As regularly as the sun goes down, bedtime arguments come up. Warm words about the land of nod or beauty sleep won’t cut it. But, as it turns out, that hyperactive child bouncing off the sofa could well be exhibiting clinical signs of sleep deprivation
Words: Libby Norman
You might be holding back a yawn and struggling to stay awake through the Channel 4 News but the mini me whose bedtime should have happened ten minutes’ ago is resisting all reason, entreaties and – finally – orders to get up those stairs to Bedfordshire. Yes, it’s the familiar bedtime war. You had them with your parents, one day your children will suffer your fate – like the bogeyman it’s ancient lore at bedtime.
But even though they don’t look at all sleepy, that doesn’t mean they get a pass. In fact, the numbers do stack up – children need a lot of shut-eye to function and grow.
Even 30 to 60 minutes less sleep can have a big impact on children, says The Sleep Foundation, but the problem is that parents may not spot the signs that they need bed. This is because drowsy children may become hyperactive rather than showing the heavy-eyed signs we exhibit as adults. This is why it’s important to keep an eye on the clock and establish a healthy sleeping pattern as early as possible.
While we all know that a newborn needs lots of sleep, at age two your child should still be getting between 11 and 14 hours’ sleep a night, while by age five years the recommendation is 10 to 13 hours. While these variations are quite wide to allow for children’s individual make-up, less than nine hours for a two-year-old and eight hours for a five-year-old is likely to leave them sleep deprived. The need for lots of sleep continues throughout school and early adult years, so even a 13-year-old will ideally be getting a minimum of nine hours rest a night. So, yes, teenagers absolutely do need more time in bed – although not in the form of a lie in. The Sleep Council says that research indicates an early bedtime is best all through school.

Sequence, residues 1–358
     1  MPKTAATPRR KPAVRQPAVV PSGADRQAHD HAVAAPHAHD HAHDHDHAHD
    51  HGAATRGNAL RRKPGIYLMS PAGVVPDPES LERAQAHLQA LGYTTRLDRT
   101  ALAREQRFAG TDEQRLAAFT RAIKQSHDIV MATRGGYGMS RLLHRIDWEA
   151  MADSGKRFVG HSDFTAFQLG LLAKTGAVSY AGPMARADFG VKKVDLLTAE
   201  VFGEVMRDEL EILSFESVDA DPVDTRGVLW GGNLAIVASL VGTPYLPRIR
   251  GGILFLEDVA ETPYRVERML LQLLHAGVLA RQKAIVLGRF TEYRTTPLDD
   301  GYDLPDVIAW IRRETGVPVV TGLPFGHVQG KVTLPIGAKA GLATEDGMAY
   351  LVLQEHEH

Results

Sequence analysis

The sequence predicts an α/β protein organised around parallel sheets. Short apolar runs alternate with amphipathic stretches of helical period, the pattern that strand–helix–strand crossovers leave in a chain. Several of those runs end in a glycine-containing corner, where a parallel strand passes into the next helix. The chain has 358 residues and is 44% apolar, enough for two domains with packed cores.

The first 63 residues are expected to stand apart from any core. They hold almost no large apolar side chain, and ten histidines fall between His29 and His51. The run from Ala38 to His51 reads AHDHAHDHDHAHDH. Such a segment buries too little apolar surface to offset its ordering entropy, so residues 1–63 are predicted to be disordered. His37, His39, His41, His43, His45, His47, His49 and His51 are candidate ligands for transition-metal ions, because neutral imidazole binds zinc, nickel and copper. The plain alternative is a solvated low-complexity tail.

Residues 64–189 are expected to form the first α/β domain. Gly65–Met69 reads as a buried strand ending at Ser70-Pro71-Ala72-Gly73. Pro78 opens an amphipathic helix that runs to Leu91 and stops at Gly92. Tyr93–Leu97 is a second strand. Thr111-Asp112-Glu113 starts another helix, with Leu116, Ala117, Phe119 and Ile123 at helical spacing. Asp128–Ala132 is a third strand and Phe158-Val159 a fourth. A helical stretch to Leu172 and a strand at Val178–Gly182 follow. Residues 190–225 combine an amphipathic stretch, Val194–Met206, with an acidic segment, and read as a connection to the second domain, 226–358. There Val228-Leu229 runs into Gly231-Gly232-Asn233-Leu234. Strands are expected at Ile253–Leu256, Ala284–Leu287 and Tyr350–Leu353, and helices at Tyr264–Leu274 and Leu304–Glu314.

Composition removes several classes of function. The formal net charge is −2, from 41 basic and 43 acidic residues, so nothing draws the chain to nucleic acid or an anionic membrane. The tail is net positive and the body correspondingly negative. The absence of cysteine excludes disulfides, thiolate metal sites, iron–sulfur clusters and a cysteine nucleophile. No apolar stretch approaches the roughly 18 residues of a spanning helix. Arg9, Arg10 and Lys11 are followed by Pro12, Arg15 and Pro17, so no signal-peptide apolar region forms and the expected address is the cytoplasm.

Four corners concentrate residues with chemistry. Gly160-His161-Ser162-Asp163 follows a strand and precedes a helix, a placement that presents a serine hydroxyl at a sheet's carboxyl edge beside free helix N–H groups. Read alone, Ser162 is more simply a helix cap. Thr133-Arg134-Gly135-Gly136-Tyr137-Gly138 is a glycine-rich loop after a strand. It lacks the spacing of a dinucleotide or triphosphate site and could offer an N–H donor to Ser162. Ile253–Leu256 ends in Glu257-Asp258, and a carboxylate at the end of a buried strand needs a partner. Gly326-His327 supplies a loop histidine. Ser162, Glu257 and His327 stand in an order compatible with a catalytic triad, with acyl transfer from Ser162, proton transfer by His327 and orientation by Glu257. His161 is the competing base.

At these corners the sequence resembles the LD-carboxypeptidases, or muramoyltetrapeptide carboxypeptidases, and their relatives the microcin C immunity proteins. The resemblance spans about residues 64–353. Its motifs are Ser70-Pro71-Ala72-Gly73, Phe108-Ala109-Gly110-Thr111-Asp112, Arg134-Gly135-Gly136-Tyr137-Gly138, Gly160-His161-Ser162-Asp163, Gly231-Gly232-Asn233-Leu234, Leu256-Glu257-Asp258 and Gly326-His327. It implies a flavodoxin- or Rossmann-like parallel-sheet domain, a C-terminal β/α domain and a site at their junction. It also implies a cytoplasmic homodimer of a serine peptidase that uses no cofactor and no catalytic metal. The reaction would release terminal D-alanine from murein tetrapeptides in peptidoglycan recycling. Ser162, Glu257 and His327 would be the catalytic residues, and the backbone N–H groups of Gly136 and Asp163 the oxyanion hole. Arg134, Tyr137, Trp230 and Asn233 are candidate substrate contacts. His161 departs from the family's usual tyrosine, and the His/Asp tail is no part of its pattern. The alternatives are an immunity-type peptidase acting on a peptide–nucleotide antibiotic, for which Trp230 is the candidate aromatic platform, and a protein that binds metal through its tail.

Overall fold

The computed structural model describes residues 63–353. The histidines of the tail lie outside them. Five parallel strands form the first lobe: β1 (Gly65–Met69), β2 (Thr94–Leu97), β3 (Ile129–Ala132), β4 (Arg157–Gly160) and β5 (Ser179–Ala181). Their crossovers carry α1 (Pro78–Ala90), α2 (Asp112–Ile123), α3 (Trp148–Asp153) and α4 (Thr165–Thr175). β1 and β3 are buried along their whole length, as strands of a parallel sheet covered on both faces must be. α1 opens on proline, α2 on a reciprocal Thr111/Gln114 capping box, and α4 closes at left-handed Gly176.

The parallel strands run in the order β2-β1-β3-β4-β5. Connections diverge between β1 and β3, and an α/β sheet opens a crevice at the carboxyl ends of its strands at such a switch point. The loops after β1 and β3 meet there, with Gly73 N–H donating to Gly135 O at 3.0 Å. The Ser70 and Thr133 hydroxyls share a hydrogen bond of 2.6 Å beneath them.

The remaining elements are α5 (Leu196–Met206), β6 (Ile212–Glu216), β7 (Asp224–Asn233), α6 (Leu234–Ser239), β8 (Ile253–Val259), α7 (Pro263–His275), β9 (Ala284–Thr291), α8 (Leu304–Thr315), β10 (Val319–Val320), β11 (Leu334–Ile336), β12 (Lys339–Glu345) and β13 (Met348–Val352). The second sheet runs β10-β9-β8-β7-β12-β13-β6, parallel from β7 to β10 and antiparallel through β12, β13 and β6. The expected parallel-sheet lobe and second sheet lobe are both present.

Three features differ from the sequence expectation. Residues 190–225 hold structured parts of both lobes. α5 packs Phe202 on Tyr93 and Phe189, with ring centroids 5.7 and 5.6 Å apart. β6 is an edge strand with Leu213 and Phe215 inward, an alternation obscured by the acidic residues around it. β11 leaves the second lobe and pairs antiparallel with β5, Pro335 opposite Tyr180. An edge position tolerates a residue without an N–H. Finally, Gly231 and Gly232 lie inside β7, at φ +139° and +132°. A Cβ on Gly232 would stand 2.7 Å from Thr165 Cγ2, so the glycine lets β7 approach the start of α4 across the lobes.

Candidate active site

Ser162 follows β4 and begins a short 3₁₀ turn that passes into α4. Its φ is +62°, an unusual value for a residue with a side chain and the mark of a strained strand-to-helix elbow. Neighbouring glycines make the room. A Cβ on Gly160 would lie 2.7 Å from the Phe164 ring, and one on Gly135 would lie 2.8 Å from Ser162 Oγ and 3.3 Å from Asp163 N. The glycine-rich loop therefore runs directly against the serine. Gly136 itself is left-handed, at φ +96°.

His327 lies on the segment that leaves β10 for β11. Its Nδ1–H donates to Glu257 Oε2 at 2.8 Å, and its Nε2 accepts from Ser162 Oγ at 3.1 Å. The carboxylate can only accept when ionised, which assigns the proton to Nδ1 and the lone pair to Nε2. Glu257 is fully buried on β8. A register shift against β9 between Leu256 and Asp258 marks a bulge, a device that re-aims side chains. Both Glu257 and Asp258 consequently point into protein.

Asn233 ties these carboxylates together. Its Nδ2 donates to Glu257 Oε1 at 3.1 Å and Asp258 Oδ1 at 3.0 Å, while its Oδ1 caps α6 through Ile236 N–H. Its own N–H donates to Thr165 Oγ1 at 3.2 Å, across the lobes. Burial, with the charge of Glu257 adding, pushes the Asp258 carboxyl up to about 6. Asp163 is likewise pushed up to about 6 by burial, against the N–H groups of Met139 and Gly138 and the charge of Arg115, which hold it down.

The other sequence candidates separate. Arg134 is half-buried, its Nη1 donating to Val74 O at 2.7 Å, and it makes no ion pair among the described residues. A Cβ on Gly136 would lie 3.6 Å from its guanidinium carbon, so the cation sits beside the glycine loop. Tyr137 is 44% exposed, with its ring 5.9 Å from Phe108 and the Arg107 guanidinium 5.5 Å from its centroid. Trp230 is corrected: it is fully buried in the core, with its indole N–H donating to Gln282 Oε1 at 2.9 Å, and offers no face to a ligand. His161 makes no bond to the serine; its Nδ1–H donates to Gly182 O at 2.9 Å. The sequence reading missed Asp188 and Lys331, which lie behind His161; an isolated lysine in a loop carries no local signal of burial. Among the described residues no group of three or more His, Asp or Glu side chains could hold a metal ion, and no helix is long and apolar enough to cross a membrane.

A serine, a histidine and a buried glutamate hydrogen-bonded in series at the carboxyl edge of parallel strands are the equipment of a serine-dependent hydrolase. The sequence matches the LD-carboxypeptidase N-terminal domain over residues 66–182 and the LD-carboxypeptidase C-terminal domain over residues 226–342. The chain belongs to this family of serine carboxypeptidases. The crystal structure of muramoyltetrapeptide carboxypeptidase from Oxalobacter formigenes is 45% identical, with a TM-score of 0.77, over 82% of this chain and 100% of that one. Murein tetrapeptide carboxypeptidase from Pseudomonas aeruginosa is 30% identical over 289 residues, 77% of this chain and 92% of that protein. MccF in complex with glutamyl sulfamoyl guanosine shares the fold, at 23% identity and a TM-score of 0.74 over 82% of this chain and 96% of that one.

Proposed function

You need to start clock-watching – slavishly. All the experts agree that a regular bedtime routine is essential, and you can’t start them young enough. While a bedtime story is the time-honoured way to help young children snuggle up and feel drowsy, teenagers should also be encouraged to find habits that aid sleep. Screen or TV time is not what they need, so encourage them to switch off an hour before bed in favour of books, magazines (or a Kindle if paper is all too last century). It goes without saying that adults need to show the lead on screen-time and current thinking is that TVs/phones/screens should be banished from all bedrooms.
We all need a quiet, calm and dark environment in which to sleep (although soft nightlights might be essential for younger children). Pay particular attention to temperature –16-18 degrees Celsius is optimal, says The Sleep Council, while anything over 24 degrees is likely to cause a restless night. Cool cotton sheets and familiar toys can work wonders to soothe children, and consider adding a blackout blind to the room or extra soundproofing if you want to keep it quiet for longer.
Millpond Sleep Clinic says that signs of irritability in the day are one indication your child is having a sleep problem, but waking up in the night or waking up very early in the morning may also be indicators. Millpond offers sleep therapy when children (or, more usually, parents) are at the end of their tether – also training other health professionals. It says that some children do need to be trained to sleep and usually the process of finding and addressing the issue begins with the simple step of keeping a diary of their sleep patterns.